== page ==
The aroma is the highlight of Oolong tea, offering a blend of the freshness found in green tea and the mature fragrance of black tea. It surpasses the fragrance of orchids, being both profound and enduring, with a rich and sharp intensity. It can be said that nearly any tea emitting a strong, distinct, and lingering aroma during brewing is almost certainly Oolong tea. The so-called "high and sharp fragrance" is distinctive enough to make one stop and appreciate. To fully experience the aroma of loose-leaf Oolong tea, one can purchase tea sampler, compare and taste various Oolong teas, and discover their preferred varieties.
For instance, Fenghuang Dancong possesses a natural and elegant floral fragrance (such as yellow branch, gardenia, almond, jasmine), accompanied by a unique mountain charm and honeyed sweetness. It has a rich, mellow, and refreshing taste. Baixiang Qilan has a clear and high fragrance, prominently featuring the aroma of orchids, with a taste that is mellow, refreshing, and delicate. Dongding Oolong has a natural floral fragrance with a hint of caramel, offering a rich and thick taste.
Classic Loose Leaf Oolong Teas
Fenghuang Dancong tea is a specialty of Chaozhou in Guangdong, originating from Fenghuang Town and named after the local Fenghuang Mountain. To enhance the quality of tea leaves, the town adopts the method of single-plant picking, single-plant tea making, and single-plant selling, with over ten thousand ancient tea trees utilizing this approach. Fenghuang Dancong tea is renowned for its four distinctions: beautiful shape, emerald color, rich aroma, and sweet taste.
Also known as "Huangqin," Huangjin Gui is made from the tender leaves of the Huangqin tea tree. It is named for its golden-colored infusion and unique fragrance reminiscent of osmanthus flowers. Among existing Oolong tea varieties, Huangjin Gui is one of the earliest to sprout. The resulting Oolong tea boasts a high and uplifting fragrance, a mellow and sweet taste, earning it the reputation of "heavenly fragrance."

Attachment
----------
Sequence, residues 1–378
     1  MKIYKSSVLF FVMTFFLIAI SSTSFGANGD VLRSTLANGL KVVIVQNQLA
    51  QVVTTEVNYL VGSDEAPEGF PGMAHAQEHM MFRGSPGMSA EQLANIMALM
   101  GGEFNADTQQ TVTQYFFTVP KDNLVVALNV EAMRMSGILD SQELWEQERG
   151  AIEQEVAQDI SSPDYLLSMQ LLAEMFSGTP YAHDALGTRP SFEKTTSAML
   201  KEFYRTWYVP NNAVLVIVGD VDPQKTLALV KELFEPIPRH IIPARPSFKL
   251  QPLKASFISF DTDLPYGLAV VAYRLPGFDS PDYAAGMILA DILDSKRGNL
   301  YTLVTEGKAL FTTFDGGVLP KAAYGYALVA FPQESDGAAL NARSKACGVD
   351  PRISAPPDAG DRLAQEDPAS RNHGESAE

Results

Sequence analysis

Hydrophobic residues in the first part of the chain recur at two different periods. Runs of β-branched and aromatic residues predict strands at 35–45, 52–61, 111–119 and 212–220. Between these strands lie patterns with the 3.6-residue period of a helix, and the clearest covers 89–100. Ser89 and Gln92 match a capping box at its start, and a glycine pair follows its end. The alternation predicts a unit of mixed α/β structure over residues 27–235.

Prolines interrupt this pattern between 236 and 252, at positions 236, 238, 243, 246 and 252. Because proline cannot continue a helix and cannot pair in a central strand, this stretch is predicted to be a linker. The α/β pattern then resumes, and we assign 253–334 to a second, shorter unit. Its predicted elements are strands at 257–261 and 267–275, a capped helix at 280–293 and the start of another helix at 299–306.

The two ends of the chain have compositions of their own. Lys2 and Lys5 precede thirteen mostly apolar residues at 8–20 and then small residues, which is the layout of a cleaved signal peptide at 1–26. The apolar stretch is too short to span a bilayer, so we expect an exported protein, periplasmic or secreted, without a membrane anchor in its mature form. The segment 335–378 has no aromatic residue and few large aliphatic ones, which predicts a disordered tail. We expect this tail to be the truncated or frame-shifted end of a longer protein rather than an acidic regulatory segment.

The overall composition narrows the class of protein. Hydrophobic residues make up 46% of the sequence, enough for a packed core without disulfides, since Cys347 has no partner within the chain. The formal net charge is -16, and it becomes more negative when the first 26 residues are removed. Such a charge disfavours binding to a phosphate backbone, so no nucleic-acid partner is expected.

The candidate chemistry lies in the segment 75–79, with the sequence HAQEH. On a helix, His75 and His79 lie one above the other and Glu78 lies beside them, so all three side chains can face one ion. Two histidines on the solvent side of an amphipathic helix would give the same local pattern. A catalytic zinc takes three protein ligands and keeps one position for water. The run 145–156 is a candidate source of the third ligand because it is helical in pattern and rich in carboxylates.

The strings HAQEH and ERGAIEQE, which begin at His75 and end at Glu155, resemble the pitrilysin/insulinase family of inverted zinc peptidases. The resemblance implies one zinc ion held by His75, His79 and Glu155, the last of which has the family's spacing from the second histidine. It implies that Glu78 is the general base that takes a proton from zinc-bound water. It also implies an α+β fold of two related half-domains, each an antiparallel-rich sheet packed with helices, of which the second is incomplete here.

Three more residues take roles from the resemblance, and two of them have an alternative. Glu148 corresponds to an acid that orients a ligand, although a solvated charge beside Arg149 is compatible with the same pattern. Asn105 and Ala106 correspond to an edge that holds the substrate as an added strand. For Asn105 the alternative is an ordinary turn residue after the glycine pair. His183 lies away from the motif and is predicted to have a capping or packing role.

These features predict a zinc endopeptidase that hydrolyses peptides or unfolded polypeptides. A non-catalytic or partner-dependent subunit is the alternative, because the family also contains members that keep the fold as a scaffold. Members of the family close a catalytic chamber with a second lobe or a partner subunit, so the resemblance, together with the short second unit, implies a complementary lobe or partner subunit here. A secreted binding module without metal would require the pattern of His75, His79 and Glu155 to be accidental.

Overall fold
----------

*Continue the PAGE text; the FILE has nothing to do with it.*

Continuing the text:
3.Da Hong Pao
Da Hong Pao is the foremost among the "Four Great Bushes" of Wuyi rock tea, with the highest quality and greatest renown, often referred to as the "Tea King." The tightly rolled leaves of Da Hong Pao exhibit a green-brown and lustrous color. The brewed tea has a clear and vibrant appearance, presenting a deep orange hue. The taste is distinctly rocky, rich, and refreshing, with a lingering fragrance at the bottom of the cup. The aroma is intense, long-lasting, and distant, accompanied by a subtle smokiness and occasional floral and fruity notes.
Yongchun Foshou is a historically renowned tea, said to have originated from grafting tea tree branches onto Buddha's hand citron plants. Buddha's hand citron is a fragrant and precious fruit, and the tea is named after it not only because its leaves closely resemble those of the citron but also because the dried tea leaves exude a unique fragrance reminiscent of the citron when brewed.
Zhangping Shuixian is the only tightly compressed Oolong tea among its kind, making it exceptionally unique. It possesses a natural floral fragrance resembling orchids, with a taste that is mellow, refreshing, and delicately smooth. Able to withstand long-term storage and repeated infusions, the tea exhibits a reddish-yellow color. Upon closer tasting, the fragrance of narcissus flowers is evident, accompanied by a pleasant aftertaste and the characteristic of being stomach-friendly even with prolonged consumption.
The Anxi region is surrounded by hills, shrouded in mist, with an average annual temperature ranging from 15 to 18 degrees Celsius. The acidic red soil is deep, creating a unique geographical environment suitable for tea tree growth. Anxi Tieguanyin is a premium Oolong tea, widely acclaimed for its tightly curled tea leaves. Some leaves resemble fishhooks, while others take on the appearance of a dragonfly's head. As the moisture evaporates, a layer of white frost, known as "sand-green frost," forms on the leaves. The tea is highly popular, featuring a unique mountain charm and a distinct flavor profile.